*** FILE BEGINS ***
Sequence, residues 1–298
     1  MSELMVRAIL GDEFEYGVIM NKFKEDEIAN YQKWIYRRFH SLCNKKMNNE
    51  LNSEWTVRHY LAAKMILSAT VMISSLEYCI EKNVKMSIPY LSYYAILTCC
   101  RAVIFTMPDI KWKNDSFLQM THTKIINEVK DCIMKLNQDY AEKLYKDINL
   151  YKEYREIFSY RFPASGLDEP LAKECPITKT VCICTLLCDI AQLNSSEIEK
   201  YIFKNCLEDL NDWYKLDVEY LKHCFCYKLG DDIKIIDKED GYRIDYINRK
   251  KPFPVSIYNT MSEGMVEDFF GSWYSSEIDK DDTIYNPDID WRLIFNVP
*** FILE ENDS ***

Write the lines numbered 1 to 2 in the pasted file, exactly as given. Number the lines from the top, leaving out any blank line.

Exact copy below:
Sequence, residues 1–298
     1  MSELMVRAIL GDEFEYGVIM NKFKEDEIAN YQKWIYRRFH SLCNKKMNNE